Day Two of the Panhandle Trace Hike started off where we’d left the trail the day before, at Kennedy Bridge. After we dropped off our cars at the end point for the hike, McVay Road, Peggy, Helen, and other members of the Western Gate Chapter shuttled us to the starting point. We asked how long the hike would be and Peggy said “over ten miles.” Lesson learned: when you’re carrying a GPS, don’t ask about mileage, since it will almost always be more than you’re anticipating.
I’d backpacked the Wiregrass Trail a decade ago, so I had a sense of deja vu as I came to spots I recognized. As the trail paralleled the Blackwater River briefly, it had a rim of bright white sand on the river side like salt on a margarita. We found our first flame azalea here, sparking a lineup of photographers to take pictures of blooms. That conga line would repeat numerous times during today’s hike.
A basin swamp had been torn asunder by multiple forces – wind, fire, and flood – and we picked our way through the wreckage and bits of boardwalk that remained. It was one of the more ugly spots I’ve seen along the Florida Trail. Thankfully, it was later balanced by the beauty of the longleaf pine landscape. After we climbed Blueberry Hill – no thrills, since it had been burned recently – and took a break, meeting Peggy at Mary Pat’s Crossing – where I reminisced about my old friend who’d blazed the roadwalks of the FT for the first time, many years ago – we left the Wiregrass Trail for the Jackson Red Ground Trail.
This was new territory for me. On my visit to write about the FT a decade ago, I only had time to hike two-thirds of Blackwater, so the Jackson Trail was the part I skipped. It immediately became an immersion into longleaf, the wind making the needles sing. I watched each swale carefully, looking for pitcher plants, and finally found a small bog with nothing but old growth. That happened at every bog bridge the rest of the day. Signs of pitcher plants, but nothing fresh. Peggy said it was too early in the season, at least in this part of the forest.
We ran into her again at Peaden Bridge, where the trail becomes a roadwalk to cross the Blackwater River to its western shore. The roadwalk was worth the views off the bridge and the cool clay-and-sandstone bluffs that had eroded along the road.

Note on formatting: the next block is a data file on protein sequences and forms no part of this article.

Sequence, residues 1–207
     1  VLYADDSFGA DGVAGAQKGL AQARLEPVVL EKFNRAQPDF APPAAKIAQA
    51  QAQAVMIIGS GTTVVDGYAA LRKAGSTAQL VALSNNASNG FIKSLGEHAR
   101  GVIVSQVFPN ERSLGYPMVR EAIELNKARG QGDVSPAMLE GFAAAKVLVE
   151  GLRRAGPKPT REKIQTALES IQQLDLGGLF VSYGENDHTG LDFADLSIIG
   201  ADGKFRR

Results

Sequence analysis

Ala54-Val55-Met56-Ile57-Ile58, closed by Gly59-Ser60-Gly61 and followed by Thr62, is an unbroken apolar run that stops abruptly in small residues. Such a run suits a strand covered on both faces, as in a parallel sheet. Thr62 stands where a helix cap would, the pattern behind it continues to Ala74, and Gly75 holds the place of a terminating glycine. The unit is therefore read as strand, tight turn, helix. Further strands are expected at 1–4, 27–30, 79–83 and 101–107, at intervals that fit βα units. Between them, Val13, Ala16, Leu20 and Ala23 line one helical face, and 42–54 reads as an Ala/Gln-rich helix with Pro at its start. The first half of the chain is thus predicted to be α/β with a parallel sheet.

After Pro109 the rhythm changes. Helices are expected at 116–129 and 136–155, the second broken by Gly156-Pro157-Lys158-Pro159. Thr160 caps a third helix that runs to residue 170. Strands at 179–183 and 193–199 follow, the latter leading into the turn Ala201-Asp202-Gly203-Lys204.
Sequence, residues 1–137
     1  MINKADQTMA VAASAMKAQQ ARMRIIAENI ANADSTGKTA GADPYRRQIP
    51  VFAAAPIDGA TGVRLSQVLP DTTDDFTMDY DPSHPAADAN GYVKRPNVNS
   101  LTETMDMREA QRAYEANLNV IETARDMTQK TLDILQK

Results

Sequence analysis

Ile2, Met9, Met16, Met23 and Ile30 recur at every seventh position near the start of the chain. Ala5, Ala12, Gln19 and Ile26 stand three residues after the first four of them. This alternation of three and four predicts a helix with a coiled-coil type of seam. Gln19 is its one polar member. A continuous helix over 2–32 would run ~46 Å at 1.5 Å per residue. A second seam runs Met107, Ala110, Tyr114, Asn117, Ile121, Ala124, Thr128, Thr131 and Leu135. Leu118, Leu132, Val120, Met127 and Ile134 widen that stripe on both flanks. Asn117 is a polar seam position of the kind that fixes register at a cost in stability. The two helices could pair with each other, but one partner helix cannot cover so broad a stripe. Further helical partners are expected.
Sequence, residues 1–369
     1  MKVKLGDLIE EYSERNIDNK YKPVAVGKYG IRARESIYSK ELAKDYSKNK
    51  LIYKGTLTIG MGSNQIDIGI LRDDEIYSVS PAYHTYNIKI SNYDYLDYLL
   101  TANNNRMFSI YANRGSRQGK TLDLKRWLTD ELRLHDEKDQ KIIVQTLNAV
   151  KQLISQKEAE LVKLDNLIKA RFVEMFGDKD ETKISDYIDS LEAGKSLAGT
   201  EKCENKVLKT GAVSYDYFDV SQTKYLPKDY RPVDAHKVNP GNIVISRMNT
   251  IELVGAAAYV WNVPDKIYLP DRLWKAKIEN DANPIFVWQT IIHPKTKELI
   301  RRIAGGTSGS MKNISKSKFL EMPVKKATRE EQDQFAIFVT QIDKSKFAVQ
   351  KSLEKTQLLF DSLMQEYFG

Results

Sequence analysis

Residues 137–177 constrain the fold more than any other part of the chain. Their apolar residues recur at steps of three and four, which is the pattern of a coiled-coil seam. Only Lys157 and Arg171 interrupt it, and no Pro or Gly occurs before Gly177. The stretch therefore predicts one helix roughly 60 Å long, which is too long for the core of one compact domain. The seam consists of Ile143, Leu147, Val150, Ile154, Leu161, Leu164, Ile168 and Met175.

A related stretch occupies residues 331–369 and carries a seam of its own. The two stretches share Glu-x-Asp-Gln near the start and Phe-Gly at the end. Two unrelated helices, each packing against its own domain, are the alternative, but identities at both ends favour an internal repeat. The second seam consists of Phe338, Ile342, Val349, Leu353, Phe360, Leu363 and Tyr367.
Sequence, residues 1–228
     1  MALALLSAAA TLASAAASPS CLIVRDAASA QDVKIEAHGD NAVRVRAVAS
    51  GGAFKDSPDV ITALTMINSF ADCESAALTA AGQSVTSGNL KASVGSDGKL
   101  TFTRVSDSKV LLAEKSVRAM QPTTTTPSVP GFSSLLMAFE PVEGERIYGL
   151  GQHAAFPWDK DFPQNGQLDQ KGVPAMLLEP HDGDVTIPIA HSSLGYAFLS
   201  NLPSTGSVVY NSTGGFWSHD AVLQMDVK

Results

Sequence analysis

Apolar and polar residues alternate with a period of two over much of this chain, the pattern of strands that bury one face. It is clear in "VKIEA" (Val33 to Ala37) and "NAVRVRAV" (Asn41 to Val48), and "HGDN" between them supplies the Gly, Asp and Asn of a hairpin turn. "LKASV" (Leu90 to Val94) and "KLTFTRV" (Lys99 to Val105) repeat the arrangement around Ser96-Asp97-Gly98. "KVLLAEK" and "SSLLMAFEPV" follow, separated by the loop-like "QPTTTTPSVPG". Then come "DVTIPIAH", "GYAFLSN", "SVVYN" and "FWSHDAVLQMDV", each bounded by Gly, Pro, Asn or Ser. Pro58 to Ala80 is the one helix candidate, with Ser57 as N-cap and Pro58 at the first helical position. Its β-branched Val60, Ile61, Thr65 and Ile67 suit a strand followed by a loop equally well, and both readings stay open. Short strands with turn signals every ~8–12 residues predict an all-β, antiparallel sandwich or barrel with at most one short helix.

I was eager to see Otathie Cemetery, a historic site along this section, and taken aback that the trail had been located away from it – “off the road.” Peggy gave us directions to find the cemetery but without a way to compare the new route against our old map, we had no idea where it was. We missed the shelter, too, as there were no blazes to it from the new section of trail. But there were many, many clumps of Gulf Coast lupine.
The landscape is hilly, very hilly compared to what we usually experience in the Florida peninsula. And hilly means tiring when you’ve passed that ten mile mark and were expecting to be done for the day. It was nice to find a bench and long boardwalk across a stream basin where we could all sit and rest a while, enjoying the wildflowers and burbling waters.
We emerged at a roadwalk and saw Peggy down the road. When we got to her car she said, “Where did you come from? The trail is over here!” Sure enough, it crossed where her car was parked. A missing blaze, perhaps, led us out to the road. The following segment of trail paralleled the fenceline of a large farm with views that reminded me of walking the Appalachian Trail in the Cumberland Valley.
It couldn’t be long now, we’d hiked more than 11 miles! Oops. Rambling between sand pines – it surprised me to find a sand pine scrub here – and sandhills and longleaf, we wondered when, indeed, the hike would be over. Clouds were gathering and we were all weary. After one last stream crossing on a nice bridge, we climbed up through the forest and found the line of cars at McVay Road, hitting the 12.6 mile mark and a wall of exhaustion – we’d put off having lunch.
We remedied that quickly with a stop at Ruth’s Store in Munson, one of those places that you shouldn’t pass by when you’re on the backroads. It’s been here forever, and is a gathering place for the community. Unfortunately, it was too late for lunch; they’d closed the grill. But with snacks, cold drinks, ice cream, and a nice bench to sit out front in the shade and enjoy it all, we wrapped the day’s adventure.